Despite old stereotypes, dining solo can yield all kinds of rewards. And our finest restaurants are primed and ready to deliver.
Google the phrase “dining alone” and some pretty pointed questions appear in the search results:
Is it OK to eat alone in a restaurant?
Is it weird to go for a meal alone?
How can you dine out alone without feeling awkward?
They speak to a general discomfort that arises at the thought of a solitary meal and a high level of anxiety about how others perceive us. Sarah Atkinson, sommelier and co-owner of Le Rebelle in Mount Lawley, however, takes a different view.
“Personally, I see it as a freedom to feel comfortable enough to go out on your own and have some time to yourself,” she says. “I consider indulging in the things you love on your own liberating and, at the end of the day, no one is judging you.”
Given society’s ever-increasing focus on the virtues of mindfulness, “me time” and self-care, it’s little wonder the stigma surrounding solo dining has started to fade. Long considered the realm of the lonely, the table for one now serves as an open invitation to spend uninterrupted time catching up on reading, getting some work done, scrolling through socials or simply enjoying whatever is in front of you.
“I consider indulging in the things you love on your own liberating.” Sarah Atkinson, Le Rebelle
For Atkinson, the perks don’t stop there. “If more people headed out on their own, they’d get to visit places they’ve been dying to try rather than waiting months, or even years, to organise a meal with friends or family,” she says. “For us, it’s also a little easier to slide in a single diner on a busy night than a table of four.”
Consider, too, those invariably painful parts of an otherwise pleasant evening – conceding to dietary restrictions, compromising on what to order, bickering over the bill at the end – that all but disappear in the absence of company. Then there’s the matter of cooking for one, and the sobering realisation that the dishes don’t do themselves.
According to online restaurant reservation platform TheFork, single diners are mostly walk-ins, and so account for only one per cent of the bookings in WA, in line with the national average. Yet, at the bumper crop of venues across the state like Le Rebelle – smaller, more intimate smart-casual spots that blur the boundary between bar and restaurant – they represent a fiercely loyal faction of the patronage.
At the bumper crop of venues across the state – smaller, more intimate smart-casual spots that blur the boundary between bar and restaurant – solo diners represent a fiercely loyal faction of the patronage.
Connie Ainscough, assistant venue manager at Madalena’s in South Fremantle, sees it in practice service after service. “We have quite a few solo regulars who come in every week, on the same day, at the same time, for either their weekly glass of wine or routine dinner at the bar,” she says.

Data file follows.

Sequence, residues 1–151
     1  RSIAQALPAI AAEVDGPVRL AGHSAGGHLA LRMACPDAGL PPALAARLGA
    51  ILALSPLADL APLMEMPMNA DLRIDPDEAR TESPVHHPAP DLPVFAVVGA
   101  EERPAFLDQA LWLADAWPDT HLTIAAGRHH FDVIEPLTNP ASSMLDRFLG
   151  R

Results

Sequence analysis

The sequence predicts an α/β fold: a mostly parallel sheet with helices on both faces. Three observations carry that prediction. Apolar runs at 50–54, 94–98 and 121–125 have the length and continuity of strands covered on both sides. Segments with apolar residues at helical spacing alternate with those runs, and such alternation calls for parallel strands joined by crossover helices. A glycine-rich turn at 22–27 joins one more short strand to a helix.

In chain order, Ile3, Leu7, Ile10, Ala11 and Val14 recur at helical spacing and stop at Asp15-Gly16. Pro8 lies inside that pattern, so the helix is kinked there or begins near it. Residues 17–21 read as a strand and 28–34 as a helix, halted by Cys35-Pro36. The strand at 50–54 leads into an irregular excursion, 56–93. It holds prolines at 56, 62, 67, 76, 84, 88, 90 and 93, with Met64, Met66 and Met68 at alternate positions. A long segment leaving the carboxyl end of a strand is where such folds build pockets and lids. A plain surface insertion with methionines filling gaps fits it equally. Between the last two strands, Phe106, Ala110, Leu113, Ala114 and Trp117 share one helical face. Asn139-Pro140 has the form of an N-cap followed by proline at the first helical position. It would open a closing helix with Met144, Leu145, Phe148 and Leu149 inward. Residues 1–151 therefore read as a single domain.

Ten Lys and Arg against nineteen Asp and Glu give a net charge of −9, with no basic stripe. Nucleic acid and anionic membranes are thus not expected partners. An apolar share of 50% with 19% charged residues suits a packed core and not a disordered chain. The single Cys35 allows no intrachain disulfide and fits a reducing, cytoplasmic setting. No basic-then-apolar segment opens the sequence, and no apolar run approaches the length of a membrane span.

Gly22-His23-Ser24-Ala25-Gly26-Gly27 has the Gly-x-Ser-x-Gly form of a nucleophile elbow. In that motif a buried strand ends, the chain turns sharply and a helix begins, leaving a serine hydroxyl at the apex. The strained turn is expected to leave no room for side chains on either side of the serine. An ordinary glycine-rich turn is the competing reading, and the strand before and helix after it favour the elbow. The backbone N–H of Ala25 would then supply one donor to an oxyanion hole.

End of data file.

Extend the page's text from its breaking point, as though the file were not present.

The mix of outdoor seats, bar stools and small tables that make you feel like no one else is missing goes a long way in making unaccompanied guests feel welcome at the natural wine and seafood specialist. Ditto live music on Wednesday and Thursday nights, and the kitchen’s offer to make the menu of shared dishes more accessible by serving half portions. But Ainscough insists it’s the sense of hospitality that makes the biggest impact.
“On my days off, I am typically one of those solo diners that frequents venues they enjoy – not just for the food and wine, but for the staff, too,” she says. “It’s generally a nice reminder that patrons are just like us, and we are just like them. In the current landscape with Covid-19, it’s more important than ever to reconnect with people, to be welcoming and inquisitive.”
Flying solo? Pull up a pew at these five venues, and let the good times roll.
Each and every one of the handmade pastas at Joel Valvasori’s cosy Subiaco trattoria is a head-turner, from the timeless tagliatelle al ragù to saffron spaghettini vongole. Don’t question whether you’ve got room for Ortiz anchovies in cabernet vinegar and tiramisù – just order it all. 5/97 Rokeby Road (Forrest Walk), Subiaco.
Newly appointed head chef Justin Wong has given the most talked-about roast chicken in town a Malaysian makeover, serving the half bird with creamy, coconutty kapitan sauce, spinach rice and mixed leaves. It’s great to share between two as part of a larger meal, but it’s even better all to yourself. QV1, 250 St Georges Terrace, Perth.
Sunday afternoon at sundown might just be the best time to pop into WAGFG’s 2019 Best Bar award winner. Start with a spritzy, fruit-forward cocktail and a crumpet topped with crab meat and horseradish labne, then kick back, relax, soak in the live music and see where the night takes you. 5 Nairn Street, Fremantle.
Tania Nicolo estimates that solo diners make up more than two per cent of the crowd at this Wembley hotspot she co-owns with husband Ryan Bookless. Factor in the naturally risen 48-hour dough, San Marzano tomato sauce and the option to BYO beer and wine, and it’s surprising that number isn’t higher. Like this? Head next door to Mummucc’ for cut-above snacking and drinking. 46 Grantham St, Wembley.
If the 100-strong list of expertly chosen wines by the glass isn’t enough to lure you into one of Perth’s finest establishments, then maybe the promise of first-rate house-baked bread, pristine Pacific oysters with Geraldton wax and righteously roasted duck breast will do the trick. Go on, live a little. 131 St Georges Terrace, Perth.